About this blogger:
A theorist, organist, and conductor, Jeff Ostrowski holds his B.M. in Music Theory from the University of Kansas (2004), and did graduate work in Musicology. He serves as choirmaster for the new FSSP parish in Los Angeles, where he resides with his wife and children.
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When you consider that the greatest hymns ever written—the plainchant hymns—are pushing the age of eight hundred and that the noble chorale hymn tunes of Bach date from the early eighteenth century, then what is the significance of the word “old” applied to “Mother at Thy Feet Is Kneeling”? Most of the old St. Basil hymns date from the Victorian era, particularly the 1870s and 1880s.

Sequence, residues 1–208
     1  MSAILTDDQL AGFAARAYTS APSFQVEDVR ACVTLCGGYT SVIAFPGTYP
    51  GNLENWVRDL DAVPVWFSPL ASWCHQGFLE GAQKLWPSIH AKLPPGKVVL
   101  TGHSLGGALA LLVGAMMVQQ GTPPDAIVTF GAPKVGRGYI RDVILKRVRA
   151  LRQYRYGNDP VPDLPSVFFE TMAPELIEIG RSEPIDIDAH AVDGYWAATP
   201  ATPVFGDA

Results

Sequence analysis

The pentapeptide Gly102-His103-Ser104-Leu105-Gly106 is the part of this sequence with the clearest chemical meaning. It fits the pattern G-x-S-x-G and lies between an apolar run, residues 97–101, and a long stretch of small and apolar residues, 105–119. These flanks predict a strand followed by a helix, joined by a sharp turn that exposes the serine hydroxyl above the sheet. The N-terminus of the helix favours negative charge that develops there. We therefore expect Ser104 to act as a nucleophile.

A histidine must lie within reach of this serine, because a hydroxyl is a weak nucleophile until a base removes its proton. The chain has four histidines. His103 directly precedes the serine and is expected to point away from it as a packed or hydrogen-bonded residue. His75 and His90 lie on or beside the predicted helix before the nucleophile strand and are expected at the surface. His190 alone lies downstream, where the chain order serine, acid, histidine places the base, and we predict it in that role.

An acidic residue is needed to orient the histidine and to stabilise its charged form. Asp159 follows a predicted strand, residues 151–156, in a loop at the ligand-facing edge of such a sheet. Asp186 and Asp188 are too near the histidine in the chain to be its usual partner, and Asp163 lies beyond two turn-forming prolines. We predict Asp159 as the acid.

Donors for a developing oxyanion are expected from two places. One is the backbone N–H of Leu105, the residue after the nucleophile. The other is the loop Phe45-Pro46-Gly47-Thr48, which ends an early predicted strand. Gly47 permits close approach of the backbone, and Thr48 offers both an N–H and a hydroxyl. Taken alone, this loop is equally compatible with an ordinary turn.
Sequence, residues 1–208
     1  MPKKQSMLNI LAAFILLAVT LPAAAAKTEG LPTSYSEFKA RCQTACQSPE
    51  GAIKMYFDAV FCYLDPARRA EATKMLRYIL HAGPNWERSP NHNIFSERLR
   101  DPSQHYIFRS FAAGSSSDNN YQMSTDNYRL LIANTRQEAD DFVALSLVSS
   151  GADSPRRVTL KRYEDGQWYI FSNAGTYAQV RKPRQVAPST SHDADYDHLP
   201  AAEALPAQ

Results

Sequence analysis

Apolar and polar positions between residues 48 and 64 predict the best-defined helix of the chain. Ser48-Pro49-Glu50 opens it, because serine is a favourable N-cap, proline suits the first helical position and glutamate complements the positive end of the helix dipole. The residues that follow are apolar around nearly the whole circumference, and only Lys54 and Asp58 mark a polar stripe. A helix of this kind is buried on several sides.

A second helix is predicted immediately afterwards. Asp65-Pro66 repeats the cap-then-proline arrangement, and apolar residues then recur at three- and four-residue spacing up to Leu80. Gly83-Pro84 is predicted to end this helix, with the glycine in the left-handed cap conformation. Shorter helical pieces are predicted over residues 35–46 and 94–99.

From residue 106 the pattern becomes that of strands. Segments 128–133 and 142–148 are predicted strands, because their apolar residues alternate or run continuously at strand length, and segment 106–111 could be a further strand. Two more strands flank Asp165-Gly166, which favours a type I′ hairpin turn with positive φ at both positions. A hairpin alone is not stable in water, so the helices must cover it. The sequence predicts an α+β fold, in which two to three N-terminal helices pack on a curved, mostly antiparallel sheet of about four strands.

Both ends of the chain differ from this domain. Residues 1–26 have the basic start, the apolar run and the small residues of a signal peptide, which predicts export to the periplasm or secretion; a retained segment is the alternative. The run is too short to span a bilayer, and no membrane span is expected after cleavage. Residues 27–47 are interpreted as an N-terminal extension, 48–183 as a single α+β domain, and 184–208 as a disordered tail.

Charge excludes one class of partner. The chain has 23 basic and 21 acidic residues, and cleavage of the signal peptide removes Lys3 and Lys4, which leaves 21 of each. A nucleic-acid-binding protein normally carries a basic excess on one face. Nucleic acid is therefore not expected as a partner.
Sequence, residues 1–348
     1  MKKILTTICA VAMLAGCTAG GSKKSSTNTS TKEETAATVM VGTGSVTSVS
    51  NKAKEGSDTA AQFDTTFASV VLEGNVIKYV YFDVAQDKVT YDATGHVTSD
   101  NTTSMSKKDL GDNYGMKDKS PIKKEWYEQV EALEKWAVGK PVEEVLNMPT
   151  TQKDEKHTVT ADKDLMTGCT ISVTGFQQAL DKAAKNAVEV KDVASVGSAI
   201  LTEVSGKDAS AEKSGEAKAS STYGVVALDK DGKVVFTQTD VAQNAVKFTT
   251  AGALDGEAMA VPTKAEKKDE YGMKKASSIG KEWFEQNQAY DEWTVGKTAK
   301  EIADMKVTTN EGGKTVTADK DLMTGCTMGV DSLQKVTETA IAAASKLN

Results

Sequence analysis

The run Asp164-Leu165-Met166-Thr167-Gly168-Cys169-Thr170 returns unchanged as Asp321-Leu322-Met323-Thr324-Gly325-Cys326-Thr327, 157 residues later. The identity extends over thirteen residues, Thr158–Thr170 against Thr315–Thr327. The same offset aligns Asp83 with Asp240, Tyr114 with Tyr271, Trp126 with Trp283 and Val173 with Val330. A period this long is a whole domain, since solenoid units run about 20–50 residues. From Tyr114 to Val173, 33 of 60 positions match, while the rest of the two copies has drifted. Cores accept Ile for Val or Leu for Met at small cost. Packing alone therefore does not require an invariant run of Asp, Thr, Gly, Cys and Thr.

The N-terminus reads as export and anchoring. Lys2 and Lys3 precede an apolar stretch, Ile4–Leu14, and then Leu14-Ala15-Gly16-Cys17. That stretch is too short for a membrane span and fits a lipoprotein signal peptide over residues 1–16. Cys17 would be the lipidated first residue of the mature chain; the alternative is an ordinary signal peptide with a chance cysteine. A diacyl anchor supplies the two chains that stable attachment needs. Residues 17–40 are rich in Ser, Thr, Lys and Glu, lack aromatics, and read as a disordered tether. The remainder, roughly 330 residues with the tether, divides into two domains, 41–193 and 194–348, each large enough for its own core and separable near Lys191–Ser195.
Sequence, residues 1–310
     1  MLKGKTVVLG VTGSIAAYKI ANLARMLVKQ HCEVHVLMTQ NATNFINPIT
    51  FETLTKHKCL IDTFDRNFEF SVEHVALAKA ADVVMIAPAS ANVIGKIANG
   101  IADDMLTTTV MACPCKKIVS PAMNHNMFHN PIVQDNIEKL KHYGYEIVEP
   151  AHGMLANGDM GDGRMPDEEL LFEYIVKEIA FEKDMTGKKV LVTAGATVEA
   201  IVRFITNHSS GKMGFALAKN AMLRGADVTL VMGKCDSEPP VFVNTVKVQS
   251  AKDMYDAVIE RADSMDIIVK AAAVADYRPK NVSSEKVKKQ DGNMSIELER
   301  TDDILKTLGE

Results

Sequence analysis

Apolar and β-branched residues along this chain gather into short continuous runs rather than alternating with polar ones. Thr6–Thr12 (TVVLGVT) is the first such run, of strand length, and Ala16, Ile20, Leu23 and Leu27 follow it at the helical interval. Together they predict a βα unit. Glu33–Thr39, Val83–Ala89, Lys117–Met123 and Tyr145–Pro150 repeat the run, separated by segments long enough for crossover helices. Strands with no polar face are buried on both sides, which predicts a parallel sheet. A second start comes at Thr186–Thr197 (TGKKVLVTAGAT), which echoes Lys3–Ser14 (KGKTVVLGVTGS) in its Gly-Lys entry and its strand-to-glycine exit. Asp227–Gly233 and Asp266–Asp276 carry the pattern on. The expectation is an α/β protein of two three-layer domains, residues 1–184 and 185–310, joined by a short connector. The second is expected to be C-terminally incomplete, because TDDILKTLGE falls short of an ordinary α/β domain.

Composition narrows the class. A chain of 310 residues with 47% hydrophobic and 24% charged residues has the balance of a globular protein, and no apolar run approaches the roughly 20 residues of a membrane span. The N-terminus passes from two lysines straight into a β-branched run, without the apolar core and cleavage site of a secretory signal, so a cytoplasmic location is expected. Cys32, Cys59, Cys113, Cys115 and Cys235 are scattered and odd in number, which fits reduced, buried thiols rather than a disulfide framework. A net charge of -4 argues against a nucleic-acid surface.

— Paul Hume (1956)

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Kyrie XI • Gregorian Chant
published 11 October 2015 by Jeff Ostrowski

YRIE XI (“Orbis Factor”) is quite popular, and was specifically recommended for congregational singing in an article by Dr. William Mahrt. I confess to have wrongly neglected this chant in recent years because I prefer a more ancient version found in the “Ad Libitum” section of the Liber Usualis. I searched for a recording of this Kyrie online, but wasn’t happy with what I heard.

So here’s my attempt: